The Myth of the 'Cool Aunt'
When you tell someone you don’t want kids, it’s usually met with the assurance that you will change your mind. Sometimes, people react to this statement by reminding you that adoption is an option (one that’s not contingent on shriveling-as-you-age eggs). And occasionally, you’re told that it’s okay that you don’t want kids—you can be the ‘cool aunt’ instead.
On TV, the ‘cool aunt’ is someone who adores her nieces and nephews. She’s trendy, travels a lot, is always dating someone new, and has fun stories that have the kids hanging onto her every word. There are lots of women who love being the cool aunt and that’s great! But what about the women who don’t want kids and don’t want to be the cool aunt? What should we think of the women who, in their choice to be child-free, mean it in every sense of the word?
These women don’t need any kind of maternal connection in order to feel whole. These women don’t want to play with their friends’ kids, and would rather hang out with their friends who are parents on the condition that a sitter is coming over. These women seek out adults-only hotels on vacation, wishing that there were adults-only airplanes, adults-only apartment blocks, or even adults-only countries. Do you know these women? Do these women even exist?
It has become more and more acceptable for women to remain child-free with an increasing number of women opting out of motherhood. But women who don’t want their own kids are often quick to point out that they love kids, lest they be relegated to childless pariahs.
“Women are fed so many messages about what we should be, how we should behave and how we need to show up, including being the perfect career woman and the perfect mother, that it’s easy to just settle for what others expect us to be (maternal), rather than seeking something more true to us,” says Hannah Jane Thompson, a mindfulness teacher and inner critic coach. “Not being maternal doesn’t make you a bad person.”
Lauren, 31, from Cape Town, South Africa says she’s never felt the need to have kids. “I’ve never even looked at a baby and been like, ‘that’s adorable,’” she said. “My whole lifestyle is being able to pick up and go whenever I want. I’m older now and I haven’t changed my mind. I will never hang around with someone with a baby. I can’t deal with the crying. It pierces my soul and I see red. I can’t imagine having that in my house. People still think it’s weird that as a woman I don’t want a child of my own but I think that more women are now embracing their non-maternalness.”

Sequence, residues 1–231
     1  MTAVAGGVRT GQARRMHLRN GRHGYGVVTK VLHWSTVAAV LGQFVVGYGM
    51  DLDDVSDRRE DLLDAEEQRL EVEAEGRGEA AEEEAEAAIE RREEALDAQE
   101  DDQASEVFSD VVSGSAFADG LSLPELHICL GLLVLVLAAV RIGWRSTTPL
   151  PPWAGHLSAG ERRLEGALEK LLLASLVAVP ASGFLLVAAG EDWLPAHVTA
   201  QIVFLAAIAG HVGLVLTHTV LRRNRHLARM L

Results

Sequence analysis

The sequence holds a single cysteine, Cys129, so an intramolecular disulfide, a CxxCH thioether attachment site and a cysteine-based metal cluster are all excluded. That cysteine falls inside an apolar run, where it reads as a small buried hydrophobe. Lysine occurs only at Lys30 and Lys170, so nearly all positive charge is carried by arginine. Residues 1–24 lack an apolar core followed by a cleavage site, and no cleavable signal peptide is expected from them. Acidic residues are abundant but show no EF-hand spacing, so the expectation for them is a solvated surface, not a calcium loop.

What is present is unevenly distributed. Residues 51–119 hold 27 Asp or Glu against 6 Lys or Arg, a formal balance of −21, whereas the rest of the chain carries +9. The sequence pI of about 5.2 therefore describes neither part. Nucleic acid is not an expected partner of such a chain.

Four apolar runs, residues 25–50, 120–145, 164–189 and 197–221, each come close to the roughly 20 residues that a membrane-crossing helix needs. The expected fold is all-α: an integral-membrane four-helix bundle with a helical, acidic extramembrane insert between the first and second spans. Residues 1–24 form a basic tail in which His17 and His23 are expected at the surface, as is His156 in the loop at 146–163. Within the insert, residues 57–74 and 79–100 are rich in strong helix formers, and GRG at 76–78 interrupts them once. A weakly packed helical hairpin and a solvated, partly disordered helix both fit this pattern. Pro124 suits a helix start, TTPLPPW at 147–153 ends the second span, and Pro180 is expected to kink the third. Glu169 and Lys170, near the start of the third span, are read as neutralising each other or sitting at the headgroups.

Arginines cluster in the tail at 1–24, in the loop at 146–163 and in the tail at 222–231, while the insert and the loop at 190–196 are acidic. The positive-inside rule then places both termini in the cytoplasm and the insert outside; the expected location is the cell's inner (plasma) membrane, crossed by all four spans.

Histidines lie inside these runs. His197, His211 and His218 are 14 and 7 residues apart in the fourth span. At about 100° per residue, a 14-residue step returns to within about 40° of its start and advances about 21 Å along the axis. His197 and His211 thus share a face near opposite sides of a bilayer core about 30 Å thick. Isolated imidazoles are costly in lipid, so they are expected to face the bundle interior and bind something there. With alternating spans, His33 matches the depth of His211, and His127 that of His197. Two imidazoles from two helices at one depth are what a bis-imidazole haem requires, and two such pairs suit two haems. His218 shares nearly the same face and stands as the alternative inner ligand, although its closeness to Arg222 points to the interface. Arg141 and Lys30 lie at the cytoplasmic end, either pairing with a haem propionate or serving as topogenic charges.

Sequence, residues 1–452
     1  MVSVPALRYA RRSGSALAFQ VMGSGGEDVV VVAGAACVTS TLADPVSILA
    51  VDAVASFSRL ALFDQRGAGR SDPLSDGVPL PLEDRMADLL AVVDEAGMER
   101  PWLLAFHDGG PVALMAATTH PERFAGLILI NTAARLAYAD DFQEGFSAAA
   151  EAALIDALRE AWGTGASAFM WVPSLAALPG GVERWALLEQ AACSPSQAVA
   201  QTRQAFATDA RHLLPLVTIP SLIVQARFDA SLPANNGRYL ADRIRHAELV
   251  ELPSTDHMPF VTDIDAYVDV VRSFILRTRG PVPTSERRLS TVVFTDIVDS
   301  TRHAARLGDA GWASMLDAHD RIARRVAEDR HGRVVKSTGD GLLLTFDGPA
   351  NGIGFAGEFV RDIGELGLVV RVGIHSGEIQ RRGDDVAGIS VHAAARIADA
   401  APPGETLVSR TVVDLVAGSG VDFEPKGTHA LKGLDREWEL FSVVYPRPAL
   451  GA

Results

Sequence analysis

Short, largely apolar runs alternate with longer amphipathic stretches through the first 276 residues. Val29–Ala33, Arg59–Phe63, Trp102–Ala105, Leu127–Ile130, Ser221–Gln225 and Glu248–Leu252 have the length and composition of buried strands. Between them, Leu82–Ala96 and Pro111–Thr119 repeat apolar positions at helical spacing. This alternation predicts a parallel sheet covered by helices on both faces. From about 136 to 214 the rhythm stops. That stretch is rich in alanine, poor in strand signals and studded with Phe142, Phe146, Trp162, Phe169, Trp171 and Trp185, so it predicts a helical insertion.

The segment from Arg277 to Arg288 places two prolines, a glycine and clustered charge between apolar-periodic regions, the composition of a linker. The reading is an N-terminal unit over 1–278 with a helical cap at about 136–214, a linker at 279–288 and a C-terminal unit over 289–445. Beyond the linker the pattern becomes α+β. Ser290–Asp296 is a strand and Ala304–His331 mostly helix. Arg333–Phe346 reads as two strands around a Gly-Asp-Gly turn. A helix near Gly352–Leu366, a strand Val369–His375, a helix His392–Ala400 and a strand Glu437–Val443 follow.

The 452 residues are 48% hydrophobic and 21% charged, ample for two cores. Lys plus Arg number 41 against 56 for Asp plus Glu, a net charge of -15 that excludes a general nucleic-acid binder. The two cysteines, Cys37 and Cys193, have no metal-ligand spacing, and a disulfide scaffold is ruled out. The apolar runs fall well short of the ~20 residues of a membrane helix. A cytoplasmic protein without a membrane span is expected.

Lara, 19, from Vancouver, Canada, thinks that her sexuality plays a part in not wanting kids. “People are always a little bit shocked because of the constant stereotype of ‘all women must have or want kids’ but when I explain that I’m asexual and that I just hate kids in general, then they understand and accept it,” she said. “It’s so refreshing [that more women are admitting to not being maternal] because being maternal does not come naturally to all women, so it’s become a less taboo topic to talk about in general too.”
For me, a part of me shrivels when a family sits next to me on a plane. On vacation, I’ll pack up my towel and head back inside when kids plunge into the hotel pool. I’m unlikely to volunteer to babysit if my friends want a night out—the responsibility of human life (beyond my own) is too much for me. That said, I do enjoy cuddling babies (until they cry—then I tap out). I feel incredibly maternal, but mostly towards my cats. And I hate it when people close to me, who made the decision to have kids, tell me how “lucky” I am to take uninterrupted naps and travel when I want to. But luck has nothing to do with it. Being child-free is a choice I make on a daily basis. I just don’t think I’m ‘Mom’ or even ‘Cool Aunt’ material, no matter how many times people tell me I am.
More women are choosing to be child-free, and sometimes it’s simply because they want nothing to do with children. It’s time to start talking about—and accepting—women who don’t want kids, but also women who don’t particularly want to be around kids either. After all, there’s no checklist that comes with womanhood. Women who have children aren’t expected to justify their choices, and perhaps the reverse can be true too.